Another repercussion of the Hollywood writer’s strike: January and February is awards season in Hollywood, but the writing talent that makes giltz-fests semi-watchable may be picketing outside.
The Writers Guild of America granted a “script waiver” for the Jan. 27 Screen Actors Guild Awards, allowing WGA-repped writers to write for the show, which honours their unionized brethren. The Hollywood Foreign Press, which puts on the Golden Globes (Jan. 13 this year on NBC), asked the WGA for its own waiver, but Variety says “few expect it to be granted.”
Short of the Super Bowl, the Golden Globes and the Academy Awards are two of the most highly-watched telecasts of the year. The networks have too much invested in those shows to cancel them, but if the shows go on, they will be in the embarrassing position to have the union’s grievances aired on national TV. As Variety noted, its hard to imagine a vocal union supporter like George Clooney crossing a picket line to pick up an Oscar.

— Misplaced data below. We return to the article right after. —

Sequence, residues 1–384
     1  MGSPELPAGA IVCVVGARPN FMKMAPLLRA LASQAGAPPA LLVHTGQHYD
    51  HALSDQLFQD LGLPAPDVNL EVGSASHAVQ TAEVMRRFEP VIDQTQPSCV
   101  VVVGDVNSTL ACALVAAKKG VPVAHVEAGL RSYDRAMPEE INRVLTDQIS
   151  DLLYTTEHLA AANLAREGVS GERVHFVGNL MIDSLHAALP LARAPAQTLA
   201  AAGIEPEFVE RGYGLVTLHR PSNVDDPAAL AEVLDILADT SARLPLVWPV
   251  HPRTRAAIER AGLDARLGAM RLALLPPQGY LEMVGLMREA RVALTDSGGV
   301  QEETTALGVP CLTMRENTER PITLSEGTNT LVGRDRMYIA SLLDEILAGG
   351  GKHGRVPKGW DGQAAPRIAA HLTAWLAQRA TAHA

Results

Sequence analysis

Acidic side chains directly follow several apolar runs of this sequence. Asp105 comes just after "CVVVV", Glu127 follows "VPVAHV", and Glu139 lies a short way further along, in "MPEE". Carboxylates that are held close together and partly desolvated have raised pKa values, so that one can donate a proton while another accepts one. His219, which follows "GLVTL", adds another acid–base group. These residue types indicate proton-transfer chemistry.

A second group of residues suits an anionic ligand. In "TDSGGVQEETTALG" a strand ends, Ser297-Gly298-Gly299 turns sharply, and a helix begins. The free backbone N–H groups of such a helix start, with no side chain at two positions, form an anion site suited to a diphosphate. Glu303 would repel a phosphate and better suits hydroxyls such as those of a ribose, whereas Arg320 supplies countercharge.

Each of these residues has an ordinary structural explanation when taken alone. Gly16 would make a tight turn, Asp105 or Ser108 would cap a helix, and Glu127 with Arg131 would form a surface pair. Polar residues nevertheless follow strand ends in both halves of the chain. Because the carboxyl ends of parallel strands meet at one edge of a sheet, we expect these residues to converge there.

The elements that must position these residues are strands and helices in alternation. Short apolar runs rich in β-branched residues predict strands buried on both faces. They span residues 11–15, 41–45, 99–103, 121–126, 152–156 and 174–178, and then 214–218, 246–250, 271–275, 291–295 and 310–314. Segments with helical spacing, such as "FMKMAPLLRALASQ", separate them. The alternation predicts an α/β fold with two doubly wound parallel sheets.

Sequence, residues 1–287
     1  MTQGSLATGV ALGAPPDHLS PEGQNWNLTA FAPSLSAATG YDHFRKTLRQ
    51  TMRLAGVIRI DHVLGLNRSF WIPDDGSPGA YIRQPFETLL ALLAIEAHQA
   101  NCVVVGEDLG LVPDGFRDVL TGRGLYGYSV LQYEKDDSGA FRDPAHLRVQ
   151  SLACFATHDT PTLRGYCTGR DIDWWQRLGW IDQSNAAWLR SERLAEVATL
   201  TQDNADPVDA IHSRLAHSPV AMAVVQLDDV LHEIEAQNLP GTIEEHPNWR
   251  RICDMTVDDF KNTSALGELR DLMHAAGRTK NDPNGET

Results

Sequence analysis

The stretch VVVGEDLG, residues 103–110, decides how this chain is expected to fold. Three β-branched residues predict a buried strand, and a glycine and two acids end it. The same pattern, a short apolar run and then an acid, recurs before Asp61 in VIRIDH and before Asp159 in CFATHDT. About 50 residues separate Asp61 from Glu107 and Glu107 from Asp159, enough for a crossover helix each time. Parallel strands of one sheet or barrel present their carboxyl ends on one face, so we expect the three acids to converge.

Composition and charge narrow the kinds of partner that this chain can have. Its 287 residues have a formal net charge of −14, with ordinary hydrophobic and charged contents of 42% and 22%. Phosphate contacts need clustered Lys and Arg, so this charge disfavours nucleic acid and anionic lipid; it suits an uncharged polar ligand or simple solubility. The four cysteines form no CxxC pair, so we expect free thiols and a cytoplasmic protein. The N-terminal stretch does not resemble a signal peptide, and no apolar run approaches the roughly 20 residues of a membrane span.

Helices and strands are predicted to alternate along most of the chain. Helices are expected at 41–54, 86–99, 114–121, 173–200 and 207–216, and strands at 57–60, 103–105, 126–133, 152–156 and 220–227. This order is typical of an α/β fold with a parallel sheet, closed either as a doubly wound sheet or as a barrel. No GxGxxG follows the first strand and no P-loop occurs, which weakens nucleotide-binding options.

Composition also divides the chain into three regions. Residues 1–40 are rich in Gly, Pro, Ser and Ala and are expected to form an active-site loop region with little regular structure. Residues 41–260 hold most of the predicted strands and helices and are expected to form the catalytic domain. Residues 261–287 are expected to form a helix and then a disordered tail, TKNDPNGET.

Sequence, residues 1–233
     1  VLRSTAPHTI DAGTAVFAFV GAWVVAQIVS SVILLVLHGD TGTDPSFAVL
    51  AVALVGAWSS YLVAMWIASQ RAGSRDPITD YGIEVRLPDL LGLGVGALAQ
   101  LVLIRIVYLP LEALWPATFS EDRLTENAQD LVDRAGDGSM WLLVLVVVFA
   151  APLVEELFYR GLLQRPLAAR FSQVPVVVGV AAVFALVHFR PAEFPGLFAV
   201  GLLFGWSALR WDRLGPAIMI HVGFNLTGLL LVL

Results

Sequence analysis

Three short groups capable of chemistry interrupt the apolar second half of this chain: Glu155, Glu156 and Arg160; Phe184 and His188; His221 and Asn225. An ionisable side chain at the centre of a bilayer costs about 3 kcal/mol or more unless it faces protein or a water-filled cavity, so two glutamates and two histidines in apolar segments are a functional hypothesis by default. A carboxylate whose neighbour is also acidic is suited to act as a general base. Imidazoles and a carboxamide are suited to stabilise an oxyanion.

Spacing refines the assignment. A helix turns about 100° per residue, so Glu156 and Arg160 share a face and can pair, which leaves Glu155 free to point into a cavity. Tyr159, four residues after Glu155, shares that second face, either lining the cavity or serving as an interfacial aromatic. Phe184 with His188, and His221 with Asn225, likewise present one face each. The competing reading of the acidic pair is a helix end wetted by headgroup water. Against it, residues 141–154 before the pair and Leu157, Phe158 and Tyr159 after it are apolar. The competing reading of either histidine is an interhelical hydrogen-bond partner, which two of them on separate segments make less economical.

The WGA will, no doubt, be under a lot of pressure from the actors and producers to allow these shows to go on, but these are prime opportunities to put the hurt on the networks/studios, sitting across from them at the negotiating table. Will the WGA grant more script waivers to allow Hollywood to honour itself? “For the time being, it’s too preliminary to forecast,” a WGA West spokesman said Tuesday.
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